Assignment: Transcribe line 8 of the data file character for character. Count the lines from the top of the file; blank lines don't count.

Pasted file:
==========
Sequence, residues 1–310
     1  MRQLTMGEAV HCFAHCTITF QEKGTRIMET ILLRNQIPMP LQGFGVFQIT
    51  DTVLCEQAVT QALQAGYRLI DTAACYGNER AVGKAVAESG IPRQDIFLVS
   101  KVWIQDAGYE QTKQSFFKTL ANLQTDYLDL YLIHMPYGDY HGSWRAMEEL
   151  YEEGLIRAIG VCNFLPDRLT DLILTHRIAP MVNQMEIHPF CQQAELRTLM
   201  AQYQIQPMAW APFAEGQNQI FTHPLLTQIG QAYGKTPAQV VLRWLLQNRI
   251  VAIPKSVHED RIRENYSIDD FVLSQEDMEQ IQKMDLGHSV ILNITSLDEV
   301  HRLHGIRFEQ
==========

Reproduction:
   301  HRLHGIRFEQ